NaNoWriMo Update Three

Sort of keeping pace here, only a day behind at 1132 words this update and 5139 total.

Left lying in the dirt and dust right in their path was a body. Katherine only needed one guess to know who it was. “Well now,” she mused as she brought her horse to a stop and hopped to the ground. “Isn’t this just a convenience. Lonesome?”

“Katherine?” the Spirit Talker responded as the two walked up to the body. Bales hung back, still on his horse. It wasn’t worth him getting off and agitating his ribs any.

“This your doing?” she asked. Lee’s body was beaten and bruised, but the obvious cause of death was a knife stuck square in his chest. Probably the one Lonesome had left him with.

“He was seven shades of stupid,” Lonesome said of the departed, “But I never touched him.”

“Not that you’d have to,” Bales commented.

Lonesome turned so he could glare at the deputy properly. “You don’t have spirits kill people. That makes ‘em mean, and not a Spirit Talker alive wants the mean ones around. And that’s putting aside the fact that you just called me a cold blooded killer.”

“Take it easy Lonesome, he didn’t mean anything by it.” Katherine soothed his ruffled feathers. “I just want to know what this is. You have the goyles out here doing you favors?”

“None I’ve asked for.”

“Hmm. You and them have got that understanding,” she pointed out. “I’ve been meaning to ask you about it. When that goyle jumped us yesterday it left without a hassle once it saw my badge. It knew I was an Arbiter. That part of your understanding?”

“I may have talked you up a bit,” Lonesome admitted.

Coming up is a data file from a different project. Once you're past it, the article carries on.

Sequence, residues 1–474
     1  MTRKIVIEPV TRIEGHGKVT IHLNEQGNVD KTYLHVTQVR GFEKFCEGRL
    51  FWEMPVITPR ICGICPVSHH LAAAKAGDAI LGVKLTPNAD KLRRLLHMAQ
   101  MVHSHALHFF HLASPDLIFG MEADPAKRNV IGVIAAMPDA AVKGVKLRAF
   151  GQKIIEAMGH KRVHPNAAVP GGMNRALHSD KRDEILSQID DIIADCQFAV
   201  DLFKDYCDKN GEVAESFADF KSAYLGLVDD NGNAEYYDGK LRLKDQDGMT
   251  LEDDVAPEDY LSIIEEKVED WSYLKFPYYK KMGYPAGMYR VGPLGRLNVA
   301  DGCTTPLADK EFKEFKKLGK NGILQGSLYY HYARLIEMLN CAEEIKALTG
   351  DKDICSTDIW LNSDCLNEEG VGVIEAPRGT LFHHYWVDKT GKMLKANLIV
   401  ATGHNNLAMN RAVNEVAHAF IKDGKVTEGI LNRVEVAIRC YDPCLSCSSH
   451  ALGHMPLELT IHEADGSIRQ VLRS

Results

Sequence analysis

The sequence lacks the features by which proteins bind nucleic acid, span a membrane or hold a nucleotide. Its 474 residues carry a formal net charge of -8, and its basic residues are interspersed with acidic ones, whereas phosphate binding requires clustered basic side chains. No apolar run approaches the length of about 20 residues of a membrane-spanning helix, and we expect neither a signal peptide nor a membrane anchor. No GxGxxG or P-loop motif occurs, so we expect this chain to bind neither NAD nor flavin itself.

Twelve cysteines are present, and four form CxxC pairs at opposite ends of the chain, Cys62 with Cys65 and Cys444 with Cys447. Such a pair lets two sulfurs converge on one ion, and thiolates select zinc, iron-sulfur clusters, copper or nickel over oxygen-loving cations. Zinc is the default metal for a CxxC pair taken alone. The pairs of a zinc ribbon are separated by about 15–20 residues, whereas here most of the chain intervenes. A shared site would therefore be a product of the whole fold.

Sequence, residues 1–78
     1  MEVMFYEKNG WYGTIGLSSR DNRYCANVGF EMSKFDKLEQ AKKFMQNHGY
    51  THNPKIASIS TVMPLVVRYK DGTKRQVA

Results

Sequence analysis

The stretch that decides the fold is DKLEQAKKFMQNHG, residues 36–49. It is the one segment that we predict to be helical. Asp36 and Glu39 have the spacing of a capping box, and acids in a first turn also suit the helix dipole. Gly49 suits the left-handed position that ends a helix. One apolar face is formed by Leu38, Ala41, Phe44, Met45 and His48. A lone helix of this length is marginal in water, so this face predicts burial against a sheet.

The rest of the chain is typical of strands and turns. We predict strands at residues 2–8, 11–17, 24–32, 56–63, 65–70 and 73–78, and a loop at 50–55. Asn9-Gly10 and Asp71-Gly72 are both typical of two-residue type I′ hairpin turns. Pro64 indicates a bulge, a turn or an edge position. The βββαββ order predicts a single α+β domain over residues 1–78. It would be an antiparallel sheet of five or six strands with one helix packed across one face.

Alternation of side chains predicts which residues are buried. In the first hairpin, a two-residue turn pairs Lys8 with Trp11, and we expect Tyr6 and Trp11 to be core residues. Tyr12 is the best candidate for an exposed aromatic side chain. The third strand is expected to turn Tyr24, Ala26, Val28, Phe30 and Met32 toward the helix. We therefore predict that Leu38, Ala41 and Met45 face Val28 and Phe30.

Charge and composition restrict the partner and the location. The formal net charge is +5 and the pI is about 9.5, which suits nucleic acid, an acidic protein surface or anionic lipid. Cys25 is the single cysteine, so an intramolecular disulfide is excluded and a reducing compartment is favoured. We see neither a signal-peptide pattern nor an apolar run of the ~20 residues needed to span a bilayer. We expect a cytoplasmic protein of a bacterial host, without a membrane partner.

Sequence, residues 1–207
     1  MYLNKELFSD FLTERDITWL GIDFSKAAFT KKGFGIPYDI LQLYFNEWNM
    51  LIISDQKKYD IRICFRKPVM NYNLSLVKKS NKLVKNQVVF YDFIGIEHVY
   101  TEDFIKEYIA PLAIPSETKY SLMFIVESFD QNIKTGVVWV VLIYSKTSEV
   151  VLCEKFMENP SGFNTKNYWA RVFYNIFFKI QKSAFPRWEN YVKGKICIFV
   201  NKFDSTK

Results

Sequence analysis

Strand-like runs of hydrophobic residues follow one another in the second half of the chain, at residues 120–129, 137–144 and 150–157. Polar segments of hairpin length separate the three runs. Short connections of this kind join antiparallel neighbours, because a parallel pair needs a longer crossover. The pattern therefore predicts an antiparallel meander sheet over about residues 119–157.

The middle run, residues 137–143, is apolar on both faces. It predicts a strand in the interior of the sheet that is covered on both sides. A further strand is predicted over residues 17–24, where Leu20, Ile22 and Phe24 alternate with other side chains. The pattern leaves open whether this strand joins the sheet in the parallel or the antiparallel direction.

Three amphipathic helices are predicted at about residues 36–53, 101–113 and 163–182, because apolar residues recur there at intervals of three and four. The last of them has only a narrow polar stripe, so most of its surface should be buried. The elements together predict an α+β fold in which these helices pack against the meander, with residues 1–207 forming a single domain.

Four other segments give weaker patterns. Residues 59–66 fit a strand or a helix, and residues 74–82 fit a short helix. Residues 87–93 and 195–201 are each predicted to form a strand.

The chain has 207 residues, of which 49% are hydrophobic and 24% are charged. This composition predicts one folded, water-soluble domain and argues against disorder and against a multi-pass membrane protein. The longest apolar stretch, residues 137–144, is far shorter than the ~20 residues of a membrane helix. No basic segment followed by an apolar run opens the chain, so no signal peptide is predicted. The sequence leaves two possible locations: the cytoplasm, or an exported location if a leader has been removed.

“Well, just so long as you don’t go teaching them any nicknames,” she warned. “One of those things calls me Wild Kat and I will end you, Cooper. Now grab his legs, let’s get the poor dead bastard on a horse.”




Blackoak was like any number of frontier towns, with two major exceptions. The first was iit had a railroad station. The second was a consequence of the first, that being the town was almost entirely owned by the same company that owned the railroad, Haversham & Black. Being that the town was right next door to the Badlands it was literally the end of the line, but that didn’t mean there wasn’t plenty going on. Cattle ranchers from all around brought their herds into the rail station so they could be shipped back to the coast, and when the trains returned they were often carrying new settlers hoping to make a new living on the frontier.

The latest to come chugging into the station carried something extra. In a passenger car separate from the others, six armed men waited patiently. There was little to distinguish them from your common hired gun. Expert observers, however, could pick out a few things. These men were better dressed and better armed than most guns for hire, for one thing. For another each wore something black embroidered with the letters H and B in silver thread. Their job was simple – meet their fellow Haversham & Black employees at the station, take possession of whatever those men handed over, and see it securely back to the city of New Thermin on the coast.